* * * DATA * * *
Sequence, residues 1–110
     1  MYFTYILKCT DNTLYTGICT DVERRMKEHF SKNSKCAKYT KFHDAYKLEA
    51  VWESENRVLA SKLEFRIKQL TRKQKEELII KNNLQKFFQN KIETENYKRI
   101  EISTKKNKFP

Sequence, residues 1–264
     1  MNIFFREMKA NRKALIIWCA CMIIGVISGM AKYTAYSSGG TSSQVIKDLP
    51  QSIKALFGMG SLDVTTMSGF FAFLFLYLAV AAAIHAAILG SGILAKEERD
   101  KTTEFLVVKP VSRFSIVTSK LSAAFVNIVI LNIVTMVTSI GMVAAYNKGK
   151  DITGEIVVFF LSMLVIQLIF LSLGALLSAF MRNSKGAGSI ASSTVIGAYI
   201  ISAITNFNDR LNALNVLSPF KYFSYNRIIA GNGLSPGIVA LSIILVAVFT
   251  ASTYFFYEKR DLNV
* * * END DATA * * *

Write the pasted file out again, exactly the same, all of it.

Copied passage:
Sequence, residues 1–110
     1  MYFTYILKCT DNTLYTGICT DVERRMKEHF SKNSKCAKYT KFHDAYKLEA
    51  VWESENRVLA SKLEFRIKQL TRKQKEELII KNNLQKFFQN KIETENYKRI
   101  EISTKKNKFP

Sequence, residues 1–264
     1  MNIFFREMKA NRKALIIWCA CMIIGVISGM AKYTAYSSGG TSSQVIKDLP
    51  QSIKALFGMG SLDVTTMSGF FAFLFLYLAV AAAIHAAILG SGILAKEERD
   101  KTTEFLVVKP VSRFSIVTSK LSAAFVNIVI LNIVTMVTSI GMVAAYNKGK
   151  DITGEIVVFF LSMLVIQLIF LSLGALLSAF MRNSKGAGSI ASSTVIGAYI
   201  ISAITNFNDR LNALNVLSPF KYFSYNRIIA GNGLSPGIVA LSIILVAVFT
   251  ASTYFFYEKR DLNV